In the beginning, God made man in His image, to be His kings and queens in creation. But man was young and inexperienced. For reasons known only to God, he was dependent on this strange process of learning by observation, reasoning, and abstraction. In order to train man for his royal office and protect him, he was placed under the tutelage of higher beings, angelic powers who do not need to learn but perceive reality simply and intuitively. This way he could grow and learn and eventually join his father's reign.
Unfortunately, not all of these tutors were on board with this role. Why indeed should a puny creature of bones and blood be the heir of the Most High? Thus Satan tricked the first humans into rebellion, and in doing so made them and their descendants more into slaves than wards for himself and his cronies.
This move created the ancient world of paganism. Ancient man, cast out of the presence of God into a big, scary world, was in no shape to take care of himself. The rebellious heavenly powers seemed to offer an accessible way to get a grip on the world. The Creator dwelt in light inaccessible. His sanctuary was shut. But the gods could be reached, if in rather dark and unpleasant ways, and they had agreeable terms. Serve them, they claimed, and fertility, food, land, wealth, and more could all be secured. It might take some blood, weird rituals, and more than a little flattery, but that's better than returning to dust, right? So the bargain was struck. The nations of men—made to be heirs of the Creator Himself—satisfied themselves with slavery to His childcare staff.
Eventually, God dealt with this problem through the history of Israel, which He placed under the Angel of the Lord. The process was long, and you can read about it in the Bible. After millennia, the situation was resolved in Christ, the first mature Man. Made perfect through suffering, He took up the throne at the right hand of God and received the inheritance man was made for. This was a turning point. With a mature Man on the throne, the time of the vainglorious tutors had come to an end. They were not ready to give up their power over the nations, but He wrested it from them with a Spirit-formed army of martyrs.
This changed the world, or, rather, exorcised it. Not everywhere was liberated immediately, but as Jesus conquered, the Son of God cast out the usurpers and pretenders. The reign of the gods, at least for the world of their most glorious and successful empire, was over. The reign of God through man, now grown up, had come into its own.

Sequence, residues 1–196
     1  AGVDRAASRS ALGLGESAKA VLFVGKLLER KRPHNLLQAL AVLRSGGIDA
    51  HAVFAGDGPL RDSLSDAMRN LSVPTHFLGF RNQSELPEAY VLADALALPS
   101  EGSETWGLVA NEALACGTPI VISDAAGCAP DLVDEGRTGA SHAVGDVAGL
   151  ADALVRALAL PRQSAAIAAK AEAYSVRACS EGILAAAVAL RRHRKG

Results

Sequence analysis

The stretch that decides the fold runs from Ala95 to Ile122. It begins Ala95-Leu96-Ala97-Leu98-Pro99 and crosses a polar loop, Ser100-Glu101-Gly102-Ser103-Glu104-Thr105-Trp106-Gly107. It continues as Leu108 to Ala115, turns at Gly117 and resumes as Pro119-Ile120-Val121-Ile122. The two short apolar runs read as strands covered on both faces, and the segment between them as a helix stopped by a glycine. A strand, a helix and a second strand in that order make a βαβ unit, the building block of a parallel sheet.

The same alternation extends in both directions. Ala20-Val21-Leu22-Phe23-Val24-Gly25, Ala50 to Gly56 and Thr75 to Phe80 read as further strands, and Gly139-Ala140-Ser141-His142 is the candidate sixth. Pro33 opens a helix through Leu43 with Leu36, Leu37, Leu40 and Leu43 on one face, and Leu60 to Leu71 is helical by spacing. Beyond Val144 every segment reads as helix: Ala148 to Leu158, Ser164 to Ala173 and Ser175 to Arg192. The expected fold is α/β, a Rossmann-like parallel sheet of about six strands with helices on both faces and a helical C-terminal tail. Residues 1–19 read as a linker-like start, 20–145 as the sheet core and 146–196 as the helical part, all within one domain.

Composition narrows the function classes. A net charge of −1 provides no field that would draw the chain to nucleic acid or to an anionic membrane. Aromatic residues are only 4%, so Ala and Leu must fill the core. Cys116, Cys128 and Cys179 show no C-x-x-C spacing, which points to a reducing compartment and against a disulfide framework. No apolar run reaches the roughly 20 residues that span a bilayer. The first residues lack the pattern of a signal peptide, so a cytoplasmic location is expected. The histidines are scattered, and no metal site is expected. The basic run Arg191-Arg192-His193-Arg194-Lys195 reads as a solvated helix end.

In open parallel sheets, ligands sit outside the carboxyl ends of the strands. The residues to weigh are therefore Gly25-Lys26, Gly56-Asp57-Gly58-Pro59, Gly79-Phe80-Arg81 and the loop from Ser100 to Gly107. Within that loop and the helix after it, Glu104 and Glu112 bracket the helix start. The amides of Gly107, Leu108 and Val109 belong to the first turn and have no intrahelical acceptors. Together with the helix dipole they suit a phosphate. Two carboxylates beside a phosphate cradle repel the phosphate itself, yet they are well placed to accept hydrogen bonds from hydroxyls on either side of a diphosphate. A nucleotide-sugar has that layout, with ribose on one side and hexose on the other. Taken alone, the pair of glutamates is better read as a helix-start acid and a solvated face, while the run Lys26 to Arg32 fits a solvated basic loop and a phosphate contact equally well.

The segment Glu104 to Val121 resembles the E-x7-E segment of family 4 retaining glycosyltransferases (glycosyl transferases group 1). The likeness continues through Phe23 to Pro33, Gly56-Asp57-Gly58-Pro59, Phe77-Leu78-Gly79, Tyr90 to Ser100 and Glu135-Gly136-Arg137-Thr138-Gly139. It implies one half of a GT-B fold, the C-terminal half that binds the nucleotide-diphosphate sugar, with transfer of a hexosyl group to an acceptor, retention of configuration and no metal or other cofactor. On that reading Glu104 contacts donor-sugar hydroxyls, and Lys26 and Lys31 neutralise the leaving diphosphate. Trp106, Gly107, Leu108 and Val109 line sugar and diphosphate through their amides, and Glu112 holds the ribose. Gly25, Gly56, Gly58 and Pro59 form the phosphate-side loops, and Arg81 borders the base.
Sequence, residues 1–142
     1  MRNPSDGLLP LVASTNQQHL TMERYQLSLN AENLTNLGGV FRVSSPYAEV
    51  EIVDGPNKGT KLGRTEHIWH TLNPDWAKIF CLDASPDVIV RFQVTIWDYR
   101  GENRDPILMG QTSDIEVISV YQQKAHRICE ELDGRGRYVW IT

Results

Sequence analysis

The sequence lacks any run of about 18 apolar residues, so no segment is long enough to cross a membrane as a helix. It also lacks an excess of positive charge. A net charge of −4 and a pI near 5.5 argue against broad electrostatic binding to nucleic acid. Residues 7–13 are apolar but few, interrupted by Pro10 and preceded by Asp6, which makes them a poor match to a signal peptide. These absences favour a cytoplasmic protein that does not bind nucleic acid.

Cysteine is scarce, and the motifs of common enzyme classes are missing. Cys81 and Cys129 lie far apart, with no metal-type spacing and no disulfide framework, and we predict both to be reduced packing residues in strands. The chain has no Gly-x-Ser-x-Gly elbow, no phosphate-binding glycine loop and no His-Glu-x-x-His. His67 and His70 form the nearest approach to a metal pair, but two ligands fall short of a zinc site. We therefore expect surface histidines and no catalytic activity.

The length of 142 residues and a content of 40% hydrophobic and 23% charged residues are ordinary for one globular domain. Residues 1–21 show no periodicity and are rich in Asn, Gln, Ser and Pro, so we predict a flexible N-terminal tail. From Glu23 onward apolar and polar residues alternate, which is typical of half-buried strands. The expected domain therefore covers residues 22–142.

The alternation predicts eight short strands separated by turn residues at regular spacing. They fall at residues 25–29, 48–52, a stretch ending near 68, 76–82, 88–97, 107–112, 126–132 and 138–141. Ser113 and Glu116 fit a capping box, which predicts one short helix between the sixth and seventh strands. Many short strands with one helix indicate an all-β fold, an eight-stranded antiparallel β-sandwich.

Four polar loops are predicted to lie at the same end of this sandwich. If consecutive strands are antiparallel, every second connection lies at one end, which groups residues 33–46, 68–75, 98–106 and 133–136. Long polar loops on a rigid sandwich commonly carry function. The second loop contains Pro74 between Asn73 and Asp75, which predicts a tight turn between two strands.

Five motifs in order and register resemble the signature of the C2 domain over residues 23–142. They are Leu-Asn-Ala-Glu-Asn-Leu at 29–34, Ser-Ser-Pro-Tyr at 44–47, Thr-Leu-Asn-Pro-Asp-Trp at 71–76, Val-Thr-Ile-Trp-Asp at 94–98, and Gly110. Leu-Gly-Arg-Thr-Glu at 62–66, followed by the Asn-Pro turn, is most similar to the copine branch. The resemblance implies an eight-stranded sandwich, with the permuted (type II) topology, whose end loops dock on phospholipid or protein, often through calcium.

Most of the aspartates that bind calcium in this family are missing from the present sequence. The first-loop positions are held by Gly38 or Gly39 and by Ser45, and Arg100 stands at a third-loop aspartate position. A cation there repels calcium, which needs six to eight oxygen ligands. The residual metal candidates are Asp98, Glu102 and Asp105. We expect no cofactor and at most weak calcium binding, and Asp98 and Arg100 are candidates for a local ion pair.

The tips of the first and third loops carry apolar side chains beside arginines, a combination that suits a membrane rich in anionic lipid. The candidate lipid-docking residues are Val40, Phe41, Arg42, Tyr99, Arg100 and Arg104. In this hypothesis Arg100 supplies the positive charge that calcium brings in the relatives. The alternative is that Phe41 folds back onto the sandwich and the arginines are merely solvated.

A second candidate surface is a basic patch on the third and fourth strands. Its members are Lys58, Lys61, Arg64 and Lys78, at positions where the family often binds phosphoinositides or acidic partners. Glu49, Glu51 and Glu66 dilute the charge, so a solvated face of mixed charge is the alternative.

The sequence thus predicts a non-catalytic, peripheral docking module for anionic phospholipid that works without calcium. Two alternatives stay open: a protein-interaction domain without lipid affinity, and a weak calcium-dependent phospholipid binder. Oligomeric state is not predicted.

Fast-forward about a thousand years, and a new problem arose. The first rebellious exchange of man was that of the Creator for the gods. But by this point man had spent quite some time exercising his dominion without the angelic intermediaries. And God, seeing His children had matured quite a bit from the old days, had been giving them much more space. This had an unfortunate side effect. Man began to get it in his head that he was entirely self-sufficient. He had outgrown his tutors; who's to say he had not also outgrown his Father?
And so modern man made a new mistake. Rather than exchanging the glory of God for the glory of lesser powers, but powers still above man, he got it into his head that he could make his own glory and get by on his own power. With science, reason, technology, capital, and the growing powers of the state, what could stop him from remaking the world? Ancient man sought shelter from a wild world in the gods. Modern man decided it was time to tame and remake the world. And the wild part: he could.
The process of man becoming his own master has been a rough one. He tried for a while to maximize his independence without entirely repudiating the God-Man above him, but eventually his hubris grew too great. Now with the right Science™, the right state controls, and the right social engineering, he imagines that he can reconstruct the entire world in his own image, and even remake himself in whatever image he pleases. Precisely what that image will be or how he will decide it seems still in flux.
The point of this whole story, however, is to identify the fundamental change between the founding sins of human society pre- and post-Christendom. The former was about idolatry, in the specific and literal sense. Man gave his allegiance to superior but created beings in the olden days. Now his ultimate allegiance is to himself. The philosophies involved are different. The “worldview” is different. The basic paradigm of rebellion is not what is once was. Idolatry still exists, but the old, literal form is indeed rarer than ever. And it really is a different thing. It matters that man once worshipped the gods and now worships himself, even if both are a failure to worship the true Father Almighty, Maker of heaven and earth. If we do not see this difference, I can't help but suspect we are bound to mistake our current situation. And if we mistake our current situation, we won't be able to chart the right course for the future.
Of course, even if we don't, Jesus is still in charge and will humble His presumptuous younger brothers soon enough.